Vitamin D supplements unnecessary for healthy adults

29 November 2016
Associate Professor Mark Bolland
Associate Professor Mark Bolland

Most people get sufficient vitamin D from sunshine and diet and do not need to take vitamin D supplements, according to a review led by the University of Auckland’s Associate Professor Mark Bolland.

In the review, published in the latest British Medical Journal that involved research colleagues at the University of Auckland and the University of Aberdeen in Scotland, Dr Bolland says that scientific evidence does not support the use of vitamin D supplements to prevent disease, except in a small group of people at high risk.

“Those at high risk of vitamin D deficiency should be advised about sunlight exposure and diet and offered low dose supplements, but the rest of us should focus on eating a healthy balanced diet with food containing vitamin D and getting regular short bursts of sunshine,” he says.

Vitamin D is made by the skin in response to sunlight. It helps to maintain calcium levels in the body to keep bones, teeth and muscles healthy. A lack of vitamin D can lead to bone deformities such as rickets in children, and bone pain and tenderness due a condition called osteomalacia in adults.

During spring and summer, most people get enough vitamin D from sunlight on their skin and their diet. But in autumn and winter, when exposure to sunshine is minimal, the only source is from a limited range of foods such as oily fish, egg yolk, red meat, liver, fortified breakfast cereals and fat spreads.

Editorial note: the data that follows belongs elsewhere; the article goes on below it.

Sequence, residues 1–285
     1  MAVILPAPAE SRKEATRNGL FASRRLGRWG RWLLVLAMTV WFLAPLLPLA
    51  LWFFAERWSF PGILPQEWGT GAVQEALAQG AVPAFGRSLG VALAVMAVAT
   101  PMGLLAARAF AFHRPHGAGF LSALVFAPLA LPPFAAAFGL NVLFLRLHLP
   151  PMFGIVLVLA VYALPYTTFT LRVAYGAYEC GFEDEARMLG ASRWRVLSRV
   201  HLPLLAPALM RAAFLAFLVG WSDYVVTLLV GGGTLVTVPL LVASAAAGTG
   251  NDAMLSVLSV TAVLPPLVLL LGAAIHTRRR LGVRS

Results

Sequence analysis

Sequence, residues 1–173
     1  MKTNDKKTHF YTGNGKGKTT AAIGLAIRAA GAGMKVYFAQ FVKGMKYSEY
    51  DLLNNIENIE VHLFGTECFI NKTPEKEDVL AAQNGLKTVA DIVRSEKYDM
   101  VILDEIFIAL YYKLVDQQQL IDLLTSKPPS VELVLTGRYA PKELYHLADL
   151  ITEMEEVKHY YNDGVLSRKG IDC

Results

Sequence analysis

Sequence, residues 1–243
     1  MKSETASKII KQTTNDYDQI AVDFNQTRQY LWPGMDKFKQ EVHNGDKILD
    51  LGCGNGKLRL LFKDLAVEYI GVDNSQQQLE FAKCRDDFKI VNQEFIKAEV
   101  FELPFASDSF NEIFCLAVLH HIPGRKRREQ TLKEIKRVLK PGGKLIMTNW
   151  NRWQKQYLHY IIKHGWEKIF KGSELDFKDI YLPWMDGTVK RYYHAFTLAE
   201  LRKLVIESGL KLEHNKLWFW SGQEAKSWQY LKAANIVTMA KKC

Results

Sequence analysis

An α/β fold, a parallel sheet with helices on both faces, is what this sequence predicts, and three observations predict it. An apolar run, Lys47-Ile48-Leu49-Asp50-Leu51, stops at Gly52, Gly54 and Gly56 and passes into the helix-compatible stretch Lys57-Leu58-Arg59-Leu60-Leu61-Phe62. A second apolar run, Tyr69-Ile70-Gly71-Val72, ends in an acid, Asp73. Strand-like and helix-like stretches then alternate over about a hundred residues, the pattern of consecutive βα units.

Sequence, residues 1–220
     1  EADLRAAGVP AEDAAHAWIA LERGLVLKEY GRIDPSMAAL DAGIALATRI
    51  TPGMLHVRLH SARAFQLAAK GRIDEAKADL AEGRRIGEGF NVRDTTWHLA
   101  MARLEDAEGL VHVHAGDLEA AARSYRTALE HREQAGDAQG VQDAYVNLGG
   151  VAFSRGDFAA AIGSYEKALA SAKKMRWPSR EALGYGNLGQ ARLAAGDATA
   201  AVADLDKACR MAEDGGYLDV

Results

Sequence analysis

Associate Professor Bolland and colleagues make the case (based on a comprehensive search of published evidence) that existing clinical trials show vitamin D supplementation does not improve musculoskeletal outcomes.

“There is no high quality evidence to suggest that vitamin D supplementation is beneficial for other conditions such as heart disease, stroke, and some cancers - and ongoing trial results are unlikely to alter these conclusions,” he says.

The study authors suggest people at high risk should be counselled about sunlight exposure and diet, and low dose vitamin D supplements considered on an individual basis.

“Otherwise we conclude that current evidence does not support the use of vitamin D supplementation to prevent disease,” says Dr Bolland.

See the full paper at this link.

 

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